Socialists tipped to stay in power as Portugal votes
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Socialists tipped to stay in power as Portugal votes

PM Costa’s likely re-election bucks the trend of declining center-left fortunes and the rise of far-right, populist forces seen elsewhere in Europe

A voter casts his ballot at a polling station in Lisbon, Oct. 6, 2019. (AP Photo/Armando Franca)
A voter casts his ballot at a polling station in Lisbon, Oct. 6, 2019. (AP Photo/Armando Franca)

LISBON, Portugal (AFP) — Portugal voted Sunday with Prime Minister Antonio Costa’s Socialists tipped to win a second straight term after presiding over a period of solid economic growth following years of austerity.

Costa’s likely re-election bucks the trend of declining center-left fortunes and the rise of far-right, populist forces seen elsewhere in Europe.

Final opinion polls published Friday put support for the Socialist Party (PS) — which has governed for the past four years with the backing in parliament of two smaller hard-left parties — at 36-39 percent, compared to 25-30 percent for nearest rivals the center-right Social Democrats (PSD).

If opinion polls hold true the PS would boost its numbers in Portugal’s 230-seat parliament but still fall short of an absolute majority, meaning former Lisbon mayor Costa would once again need the support of at least one other leftist party to govern.

Polling stations opened at 8:00 am (0700 GMT) and will close in mainland Portugal at 7:00 pm (1800 GMT), with results announced later on Sunday.

Growth up, deficit down

After coming to power in 2015, Costa, 58, moved quickly to undo some of the unpopular austerity measures introduced by the previous PSD-led government in return for a 78-billion-euro ($85 billion) international bailout that kept finances afloat after Portugal was clobbered by the eurozone debt crisis.

Portuguese Prime Minister and Socialist Party leader Antonio Costa casts his ballot at a poll station in Lisbon, Oct. 6, 2019 (AP Photo/Armando Franca)

Taking advantage of the global economic recovery, he reversed cuts to public sector wages and pensions while still managing to bring the budget deficit down to nearly zero this year — the lowest level since Portugal’s return to democracy in 1974.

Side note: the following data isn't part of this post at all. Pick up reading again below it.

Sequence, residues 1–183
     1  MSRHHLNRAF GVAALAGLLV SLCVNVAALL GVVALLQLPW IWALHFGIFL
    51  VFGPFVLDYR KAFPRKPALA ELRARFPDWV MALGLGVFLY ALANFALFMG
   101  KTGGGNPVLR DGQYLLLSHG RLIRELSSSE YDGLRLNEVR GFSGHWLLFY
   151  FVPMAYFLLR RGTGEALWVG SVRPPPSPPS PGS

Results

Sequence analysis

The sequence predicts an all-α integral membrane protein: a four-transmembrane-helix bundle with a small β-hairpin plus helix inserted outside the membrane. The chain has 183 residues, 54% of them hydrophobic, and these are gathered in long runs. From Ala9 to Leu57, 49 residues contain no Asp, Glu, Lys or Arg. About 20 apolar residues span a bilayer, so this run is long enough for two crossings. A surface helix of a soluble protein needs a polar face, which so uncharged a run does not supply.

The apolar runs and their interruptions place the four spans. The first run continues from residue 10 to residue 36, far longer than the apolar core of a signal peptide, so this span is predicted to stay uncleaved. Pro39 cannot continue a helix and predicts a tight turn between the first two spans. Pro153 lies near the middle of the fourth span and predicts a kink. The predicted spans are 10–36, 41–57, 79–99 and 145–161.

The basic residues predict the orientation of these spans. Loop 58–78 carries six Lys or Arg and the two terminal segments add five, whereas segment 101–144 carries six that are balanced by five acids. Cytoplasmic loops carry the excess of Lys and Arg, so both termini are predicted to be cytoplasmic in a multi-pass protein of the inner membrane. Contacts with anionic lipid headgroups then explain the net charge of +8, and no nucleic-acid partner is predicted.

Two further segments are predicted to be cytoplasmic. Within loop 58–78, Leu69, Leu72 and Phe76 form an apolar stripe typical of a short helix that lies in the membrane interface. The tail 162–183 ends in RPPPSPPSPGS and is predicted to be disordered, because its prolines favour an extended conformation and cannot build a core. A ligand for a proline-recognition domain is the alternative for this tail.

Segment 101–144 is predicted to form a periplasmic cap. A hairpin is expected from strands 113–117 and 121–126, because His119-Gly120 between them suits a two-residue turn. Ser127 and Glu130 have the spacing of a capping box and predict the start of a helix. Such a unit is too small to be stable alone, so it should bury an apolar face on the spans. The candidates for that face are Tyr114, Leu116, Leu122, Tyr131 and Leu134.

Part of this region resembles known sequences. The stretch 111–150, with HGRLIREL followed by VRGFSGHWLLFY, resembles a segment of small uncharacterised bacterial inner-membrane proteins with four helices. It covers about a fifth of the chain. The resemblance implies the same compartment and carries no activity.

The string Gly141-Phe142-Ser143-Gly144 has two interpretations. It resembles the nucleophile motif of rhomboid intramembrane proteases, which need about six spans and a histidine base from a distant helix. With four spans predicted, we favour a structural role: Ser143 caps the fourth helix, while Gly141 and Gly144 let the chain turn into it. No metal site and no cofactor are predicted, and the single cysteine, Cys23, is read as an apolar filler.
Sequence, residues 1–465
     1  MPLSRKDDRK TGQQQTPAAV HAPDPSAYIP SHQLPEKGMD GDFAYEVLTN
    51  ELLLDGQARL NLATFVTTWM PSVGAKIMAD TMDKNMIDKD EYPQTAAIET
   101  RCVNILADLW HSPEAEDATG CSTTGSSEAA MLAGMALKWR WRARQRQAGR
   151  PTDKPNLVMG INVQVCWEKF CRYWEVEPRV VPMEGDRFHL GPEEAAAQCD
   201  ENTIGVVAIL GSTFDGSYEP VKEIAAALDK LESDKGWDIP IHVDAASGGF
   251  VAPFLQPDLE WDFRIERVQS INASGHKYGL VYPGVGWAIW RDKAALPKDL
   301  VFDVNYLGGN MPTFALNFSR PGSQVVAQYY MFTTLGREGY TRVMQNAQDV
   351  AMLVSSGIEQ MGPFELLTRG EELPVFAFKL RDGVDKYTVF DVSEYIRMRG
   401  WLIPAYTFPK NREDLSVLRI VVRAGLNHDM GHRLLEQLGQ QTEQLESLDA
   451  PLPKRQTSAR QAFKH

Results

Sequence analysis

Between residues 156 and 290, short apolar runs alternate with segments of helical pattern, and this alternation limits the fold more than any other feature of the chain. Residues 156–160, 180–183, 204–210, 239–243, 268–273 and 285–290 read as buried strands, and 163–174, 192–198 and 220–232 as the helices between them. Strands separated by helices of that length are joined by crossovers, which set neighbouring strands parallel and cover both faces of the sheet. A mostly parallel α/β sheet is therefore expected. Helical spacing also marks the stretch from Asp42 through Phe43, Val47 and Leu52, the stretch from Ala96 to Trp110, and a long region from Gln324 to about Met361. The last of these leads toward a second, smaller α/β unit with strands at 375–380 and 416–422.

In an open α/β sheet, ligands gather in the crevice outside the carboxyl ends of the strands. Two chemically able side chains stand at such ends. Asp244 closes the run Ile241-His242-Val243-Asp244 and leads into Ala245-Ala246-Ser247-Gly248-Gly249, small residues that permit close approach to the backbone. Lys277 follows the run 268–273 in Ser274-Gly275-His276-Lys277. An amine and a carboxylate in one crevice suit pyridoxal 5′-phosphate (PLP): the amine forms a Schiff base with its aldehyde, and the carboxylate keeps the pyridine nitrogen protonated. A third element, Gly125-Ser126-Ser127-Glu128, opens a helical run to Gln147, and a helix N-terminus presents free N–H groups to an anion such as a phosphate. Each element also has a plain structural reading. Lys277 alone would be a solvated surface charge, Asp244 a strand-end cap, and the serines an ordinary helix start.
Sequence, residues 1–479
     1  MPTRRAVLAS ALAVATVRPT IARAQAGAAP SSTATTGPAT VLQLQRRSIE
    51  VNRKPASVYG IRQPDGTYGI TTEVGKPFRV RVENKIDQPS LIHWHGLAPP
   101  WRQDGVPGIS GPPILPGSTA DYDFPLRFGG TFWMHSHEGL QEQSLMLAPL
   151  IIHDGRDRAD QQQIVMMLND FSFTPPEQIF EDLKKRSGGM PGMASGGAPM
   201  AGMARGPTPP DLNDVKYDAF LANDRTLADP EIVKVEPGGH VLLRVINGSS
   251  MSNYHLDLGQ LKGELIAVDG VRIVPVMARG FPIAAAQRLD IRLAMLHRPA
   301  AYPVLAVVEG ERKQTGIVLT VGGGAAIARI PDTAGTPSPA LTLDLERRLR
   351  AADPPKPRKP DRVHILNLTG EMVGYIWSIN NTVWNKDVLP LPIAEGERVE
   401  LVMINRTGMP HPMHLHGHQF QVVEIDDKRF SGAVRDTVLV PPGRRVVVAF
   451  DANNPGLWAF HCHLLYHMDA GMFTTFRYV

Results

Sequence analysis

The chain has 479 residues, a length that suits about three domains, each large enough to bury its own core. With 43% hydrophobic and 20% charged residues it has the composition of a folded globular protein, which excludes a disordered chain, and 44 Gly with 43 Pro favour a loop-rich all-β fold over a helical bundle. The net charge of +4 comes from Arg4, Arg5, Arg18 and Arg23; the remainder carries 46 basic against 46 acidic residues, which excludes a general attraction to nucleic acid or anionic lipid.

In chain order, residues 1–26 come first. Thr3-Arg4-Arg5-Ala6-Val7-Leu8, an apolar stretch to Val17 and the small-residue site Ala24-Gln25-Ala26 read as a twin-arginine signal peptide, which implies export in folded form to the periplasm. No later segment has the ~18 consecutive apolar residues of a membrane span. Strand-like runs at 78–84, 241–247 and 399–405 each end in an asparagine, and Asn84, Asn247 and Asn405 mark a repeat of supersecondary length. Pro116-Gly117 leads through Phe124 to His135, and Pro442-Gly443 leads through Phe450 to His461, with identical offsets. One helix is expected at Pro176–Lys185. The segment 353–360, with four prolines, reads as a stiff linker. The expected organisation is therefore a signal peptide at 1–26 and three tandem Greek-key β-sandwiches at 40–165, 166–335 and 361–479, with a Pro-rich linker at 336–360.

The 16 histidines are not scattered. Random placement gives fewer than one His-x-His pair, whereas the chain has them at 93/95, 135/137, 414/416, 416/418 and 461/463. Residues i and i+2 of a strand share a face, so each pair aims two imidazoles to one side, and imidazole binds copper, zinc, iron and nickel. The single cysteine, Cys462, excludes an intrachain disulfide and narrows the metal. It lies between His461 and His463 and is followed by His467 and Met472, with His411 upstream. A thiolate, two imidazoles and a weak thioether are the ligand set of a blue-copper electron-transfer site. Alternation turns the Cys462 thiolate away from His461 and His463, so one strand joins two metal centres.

On his watch Portugal’s economic growth was higher than the European average in recent years — 3.5 percent in 2017 and 2.4 percent in 2018 — while the jobless rate fell to the level of before the debt crisis.

“Every vote counts and we need a strong PS to guarantee four more years of stability,” Costa said Friday, the last day campaigning was allowed.

His main adversary, PSD leader Rui Rio, has railed against high taxes and inadequate public investment, which he argues are hurting public services, but he appears to have accepted defeat.

“It would be nice to be able to say that I am almost sure to win, but it is not the case,” he said during an interview with TSF radio on Friday.

New ally?

Rio has managed to reduce the margin separating the PSD and the PS in recent weeks, especially after a scandal concerning former defense minister Jose Azeredo Lopes resurfaced.

Lopes was charged last week with abuse of power and denial of justice over his role in the alleged cover-up of an arms theft from a military depot two years ago.

Rui Rio, leader of the Social Democratic Party, center, gestures during an election campaign action in downtown Lisbon, Oct. 4, 2019 (AP Photo/Armando Franca)

The tensions of the campaign appeared to be getting to the outgoing premier.

When an elderly voter challenged him during a final campaign appearance on Friday in Lisbon over the government’s handling of wildfires in central Portugal in June 2017 that killed more than 60 people, the normally affable Costa lost his temper in images that went viral.

The two parties which propped up Costa’s previous government — the Communists and the Left Bloc — together have about 17 percent support, slightly less than the score they obtained in the last election.

But Sunday’s vote could give him another potential government ally as polls suggest an upstart People-Animals-Nature party (PAN) founded by a Buddhist philosopher could ride a wave of concern about climate change and capture three to four percent of the vote, giving it a potential kingmaker role.

“The most probable outcome is a Socialist party minority government with support from radical left parties or, less likely, the small environmentalist party PAN,” said Federico Santi, an analyst at political risk consultancy Eurasia Group.

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